In 1956, he thrashed Joseph T. Ferguson for a second term as state auditor in a mostly Republican year in which Toledo's Democratic mayor, Michael V. DiSalle, lost to Attorney General C. William O'Neill in the governor's race as Frank Lausche moved up to the U.S. Senate.
In 1958, Mr. DiSalle came back to beat Mr. O'Neill for governor, and in 1960 Mr. Rhodes won a special two-year stint as auditor, as terms of all administrative state officials were switched to four years under a 1954 constitutional amendment.
That set the stage for a nasty 1962 campaign in which Mr. Rhodes hammered Governor DiSalle as “Tax Hike Mike” for tax increases during his term and for alleged improprieties in an interstate highway project and state liquor contracts.
In an October counterattack, DiSalle backers posed what they called “the $54,000 question.” They claimed that Mr. Rhodes had improperly borrowed $36,000 from his campaign fund, and had converted another $18,000 from a “political slush fund” to personal use from 1955-57. Having failed to declare the money on his federal tax returns, the Democrats charged, Mr. Rhodes got special treatment when the Internal Revenue Service made him pay up in 1958.
Mr. Rhodes took the attacks personally, lashing out in a speech to Republican women at what he called “a sinister and evil attempt” by Mr. DiSalle to obscure the issues and to “vilify and sully my good name, as well as the good names of my wife, my family, my sisters, and my late widowed mother.”
In what was to become his trademark style of political hyperbole, he declared, “This man, seeking to sit in judgment on the entire human race while representing himself as the paragon of kindness and virtue, has attacked me with blobs of slime and vicious fictions. I do not resent his attacks upon me, for I am here to answer them. I have nothing to hide as a public official or husband or father of three daughters.”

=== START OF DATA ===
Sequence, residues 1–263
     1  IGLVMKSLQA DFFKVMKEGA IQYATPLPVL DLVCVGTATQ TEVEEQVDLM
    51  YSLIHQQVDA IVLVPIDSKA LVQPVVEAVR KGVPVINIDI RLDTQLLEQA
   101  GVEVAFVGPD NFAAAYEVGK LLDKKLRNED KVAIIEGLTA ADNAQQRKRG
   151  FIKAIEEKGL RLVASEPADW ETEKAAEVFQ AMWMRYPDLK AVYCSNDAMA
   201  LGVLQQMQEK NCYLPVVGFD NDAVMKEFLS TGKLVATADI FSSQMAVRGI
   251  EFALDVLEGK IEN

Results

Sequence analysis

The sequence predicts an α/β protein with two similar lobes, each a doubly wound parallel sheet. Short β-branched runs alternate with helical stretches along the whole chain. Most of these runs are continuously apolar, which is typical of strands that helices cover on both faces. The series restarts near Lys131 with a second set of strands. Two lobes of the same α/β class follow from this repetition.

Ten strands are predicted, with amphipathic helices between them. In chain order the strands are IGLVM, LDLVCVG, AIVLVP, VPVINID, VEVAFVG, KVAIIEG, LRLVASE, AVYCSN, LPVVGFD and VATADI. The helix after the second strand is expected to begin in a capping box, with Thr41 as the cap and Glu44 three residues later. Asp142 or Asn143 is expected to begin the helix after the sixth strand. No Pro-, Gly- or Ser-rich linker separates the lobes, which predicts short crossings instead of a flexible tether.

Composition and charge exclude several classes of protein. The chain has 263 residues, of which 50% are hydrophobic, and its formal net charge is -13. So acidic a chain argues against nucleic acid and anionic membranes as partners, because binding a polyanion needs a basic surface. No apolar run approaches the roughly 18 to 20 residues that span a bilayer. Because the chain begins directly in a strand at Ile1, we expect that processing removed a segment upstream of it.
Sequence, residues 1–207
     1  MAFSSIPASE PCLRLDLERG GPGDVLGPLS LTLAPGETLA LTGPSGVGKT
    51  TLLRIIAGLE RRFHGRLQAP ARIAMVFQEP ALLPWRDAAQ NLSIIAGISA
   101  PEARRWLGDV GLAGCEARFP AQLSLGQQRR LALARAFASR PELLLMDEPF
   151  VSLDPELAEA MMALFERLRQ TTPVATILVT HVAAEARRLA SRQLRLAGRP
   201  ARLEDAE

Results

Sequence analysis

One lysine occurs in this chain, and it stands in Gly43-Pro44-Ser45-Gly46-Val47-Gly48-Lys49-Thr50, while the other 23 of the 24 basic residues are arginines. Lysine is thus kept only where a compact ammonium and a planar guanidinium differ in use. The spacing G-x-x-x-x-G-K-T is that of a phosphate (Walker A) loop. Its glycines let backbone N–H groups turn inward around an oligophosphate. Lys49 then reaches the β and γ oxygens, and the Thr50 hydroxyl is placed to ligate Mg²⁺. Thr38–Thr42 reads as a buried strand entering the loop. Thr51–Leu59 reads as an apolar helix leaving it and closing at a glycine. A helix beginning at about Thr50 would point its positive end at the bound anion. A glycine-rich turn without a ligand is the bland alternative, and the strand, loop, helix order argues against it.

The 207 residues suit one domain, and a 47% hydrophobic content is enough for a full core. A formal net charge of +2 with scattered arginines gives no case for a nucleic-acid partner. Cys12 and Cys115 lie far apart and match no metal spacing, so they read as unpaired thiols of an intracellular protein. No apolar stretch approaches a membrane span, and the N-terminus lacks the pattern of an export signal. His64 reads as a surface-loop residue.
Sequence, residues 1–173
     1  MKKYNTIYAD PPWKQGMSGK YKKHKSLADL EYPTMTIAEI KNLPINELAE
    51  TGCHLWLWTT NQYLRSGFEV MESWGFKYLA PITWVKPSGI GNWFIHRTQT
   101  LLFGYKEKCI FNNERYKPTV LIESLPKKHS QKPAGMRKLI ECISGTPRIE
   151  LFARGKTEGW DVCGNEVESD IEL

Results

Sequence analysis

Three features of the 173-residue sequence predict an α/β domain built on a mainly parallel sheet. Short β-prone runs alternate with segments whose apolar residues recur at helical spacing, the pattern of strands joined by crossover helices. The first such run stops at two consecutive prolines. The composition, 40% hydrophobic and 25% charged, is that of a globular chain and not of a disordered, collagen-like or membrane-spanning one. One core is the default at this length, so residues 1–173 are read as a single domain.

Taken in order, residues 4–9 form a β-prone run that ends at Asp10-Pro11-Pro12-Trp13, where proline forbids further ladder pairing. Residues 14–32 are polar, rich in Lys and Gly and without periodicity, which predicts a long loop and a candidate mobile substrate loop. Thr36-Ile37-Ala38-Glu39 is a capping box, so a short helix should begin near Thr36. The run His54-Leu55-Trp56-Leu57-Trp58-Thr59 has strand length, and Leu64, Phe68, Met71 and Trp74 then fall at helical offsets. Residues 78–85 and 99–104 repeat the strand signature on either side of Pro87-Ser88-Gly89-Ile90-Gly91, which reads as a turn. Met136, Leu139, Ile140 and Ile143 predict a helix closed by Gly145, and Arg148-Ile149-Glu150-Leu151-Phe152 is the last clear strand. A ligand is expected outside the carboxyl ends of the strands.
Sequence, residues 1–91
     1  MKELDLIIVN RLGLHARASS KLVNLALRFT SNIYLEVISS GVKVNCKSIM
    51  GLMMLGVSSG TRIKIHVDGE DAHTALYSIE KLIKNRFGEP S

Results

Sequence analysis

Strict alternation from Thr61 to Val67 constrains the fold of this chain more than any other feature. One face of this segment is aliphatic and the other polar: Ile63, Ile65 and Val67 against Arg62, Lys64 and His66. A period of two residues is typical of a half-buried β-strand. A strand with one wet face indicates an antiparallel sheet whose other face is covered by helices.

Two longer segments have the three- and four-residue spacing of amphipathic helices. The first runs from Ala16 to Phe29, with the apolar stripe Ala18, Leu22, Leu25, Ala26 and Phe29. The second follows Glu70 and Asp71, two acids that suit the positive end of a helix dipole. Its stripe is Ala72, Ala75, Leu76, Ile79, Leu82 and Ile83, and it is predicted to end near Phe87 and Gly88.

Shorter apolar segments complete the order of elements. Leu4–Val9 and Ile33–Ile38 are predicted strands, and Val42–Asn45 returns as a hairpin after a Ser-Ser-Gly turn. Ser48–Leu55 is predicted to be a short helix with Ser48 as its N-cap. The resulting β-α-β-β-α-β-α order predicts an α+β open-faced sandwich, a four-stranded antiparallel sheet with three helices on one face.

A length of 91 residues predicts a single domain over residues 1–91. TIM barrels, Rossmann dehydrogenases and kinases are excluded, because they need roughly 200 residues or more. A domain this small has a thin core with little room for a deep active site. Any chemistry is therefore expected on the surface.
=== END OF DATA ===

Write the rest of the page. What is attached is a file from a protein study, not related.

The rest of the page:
Mr. Rhodes said he had paid back the $36,000 with interest, contended the $18,000 was merely reimbursement for travel and other expenses, and insisted he had paid all taxes due. Critics claimed he never fully answered the charges, but the voters apparently believed him. On Nov. 6, he defeated Mr. DiSalle with 59 percent of the vote.
He would serve two consecutive terms, sit out four years while Democrat John J. Gilligan occupied the office, then come back to win two more terms, en route to the longest tenure of any Ohio governor and one of the longest in the nation's history.
In 1966, he trounced Toledoan Frazier Reams, Jr., in the governor's race.
One of his early projects after taking office was the Medical College of Ohio at Toledo, authorized by the General Assembly in late 1964. The day before Christmas, Mr. Rhodes appointed the first board of trustees, including Paul Block, Jr., then publisher of The Blade, who had pushed for the school's establishment and was its first board chairman.
Receiving an honorary degree from MCO in 1982, Mr. Rhodes told a commencement audience that Mr. Block, who would die in 1987, had been “in my office every day around 7:30” in the project's early years to make sure it progressed.
On Aug. 25, 1999, Mr. Rhodes made a rare public appearance at the unveiling of a portrait of Mr. Block at the MCO building that bears Mr. Block's name.
When it came to establishing MCO, Mr. Block provided the idea and Mr. Rhodes lined up the state funds.
“He asked me about this [MCO], and I said, `Paul, I have my money belt on. Let's take it on,'” Mr. Rhodes recalled in an 1999 interview.
That process would be repeated in the late 1970s on another Toledo project, the city-county-state office tower downtown on Jackson Street between Erie and Huron. Although the project was proposed to state officials in 1973 when Mr. Gilligan was governor, it did not move ahead until Mr. Rhodes was back in the Statehouse. Mr. Block, a prime mover in downtown redevelopment, selected the architect, Minoru Yamasaki, and made numerous trips to Columbus to ensure that the governor kept planning and construction on track. Ground was broken in 1981 and the $61 million building was occupied beginning in April, 1983.